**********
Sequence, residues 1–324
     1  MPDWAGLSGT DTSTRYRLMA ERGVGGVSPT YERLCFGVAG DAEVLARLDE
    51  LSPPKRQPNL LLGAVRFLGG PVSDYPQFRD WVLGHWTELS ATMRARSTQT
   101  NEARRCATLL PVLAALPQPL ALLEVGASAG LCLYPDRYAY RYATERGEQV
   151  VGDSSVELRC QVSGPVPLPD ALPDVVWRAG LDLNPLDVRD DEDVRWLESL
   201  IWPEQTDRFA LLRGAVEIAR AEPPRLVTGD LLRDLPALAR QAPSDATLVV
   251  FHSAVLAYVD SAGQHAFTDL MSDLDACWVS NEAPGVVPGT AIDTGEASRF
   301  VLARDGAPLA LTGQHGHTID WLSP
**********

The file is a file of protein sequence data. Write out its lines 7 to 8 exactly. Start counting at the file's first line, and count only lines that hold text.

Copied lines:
   251  FHSAVLAYVD SAGQHAFTDL MSDLDACWVS NEAPGVVPGT AIDTGEASRF
   301  VLARDGAPLA LTGQHGHTID WLSP